People head into the Arclight movie theater in Hollywood. (Katie Falkenberg / Los Angeles…)
The baby boomers are booming again. At least at the box office.
According to a study by the Motion Picture Assn. of America, the number of older frequent moviegoers -- people over the age of 40 who see a movie once a month or more -- was on the rise last year.
This finding could lead movie studios, production companies and film financiers to make more movies that cater to adult audiences.
According to the MPAA, last year there were 5.8 million people ages 40 to 49 who saw a film once a month or more, up significantly from 3.3 million in 2011.
The study also found that the number of frequent moviegoers ages 50 to 59 increased over the same period, to 3.3 million from 3.1 million. And those in the 60-and-up age group rose to 4.6 million from 4.1 million.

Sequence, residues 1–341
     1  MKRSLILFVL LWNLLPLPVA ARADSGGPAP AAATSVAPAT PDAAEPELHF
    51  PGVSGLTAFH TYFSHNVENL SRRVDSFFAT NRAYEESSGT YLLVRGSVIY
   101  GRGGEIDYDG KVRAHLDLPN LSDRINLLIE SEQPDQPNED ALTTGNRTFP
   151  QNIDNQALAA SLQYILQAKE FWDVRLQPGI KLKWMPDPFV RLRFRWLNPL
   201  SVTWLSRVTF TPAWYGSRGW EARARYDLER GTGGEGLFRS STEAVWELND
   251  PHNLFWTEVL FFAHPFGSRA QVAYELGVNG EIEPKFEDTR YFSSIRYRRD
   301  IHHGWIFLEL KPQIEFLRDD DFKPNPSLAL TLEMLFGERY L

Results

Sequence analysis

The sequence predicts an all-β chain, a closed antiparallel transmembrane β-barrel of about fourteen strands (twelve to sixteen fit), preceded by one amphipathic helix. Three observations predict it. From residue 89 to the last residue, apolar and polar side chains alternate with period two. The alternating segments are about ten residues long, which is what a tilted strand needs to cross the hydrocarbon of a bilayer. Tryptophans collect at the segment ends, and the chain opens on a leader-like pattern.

Film industry veteran Russell Schwartz, the former president of theatrical marketing for New Line Cinema, said that the MPAA study could buoy independent film financiers and companies such as the Weinstein Co. and Relativity Media that already make films targeting adult audiences.
"It bodes well for their slates," he said. "It is encouraging that the audience they are making movies for is growing."
Roughly 76 million Americans were born during the baby boom years of 1946 to 1964, and they came out in force last year. Six of the nine best picture nominees at last month's Academy Awards earned more than $100 million at the domestic box office, and many were films directed at an older audience.
Warner Bros.' "Argo," which won the Oscar for best picture, has grossed $135 million domestically. DreamWorks Studios' "Lincoln" topped them all with a domestic take of $182 million.
Schwartz does not think the major studios will shake up their slates as a result of the MPAA's finding or last year's abundance of best picture nominees that were also hits.
“I don’t think we are going to see a major shift from the studios' perspective because they are chasing another million frequent moviegoers," he said. "But I think it validates that, whatever they have on their slate, they can be comfortable that there is an audience for it."
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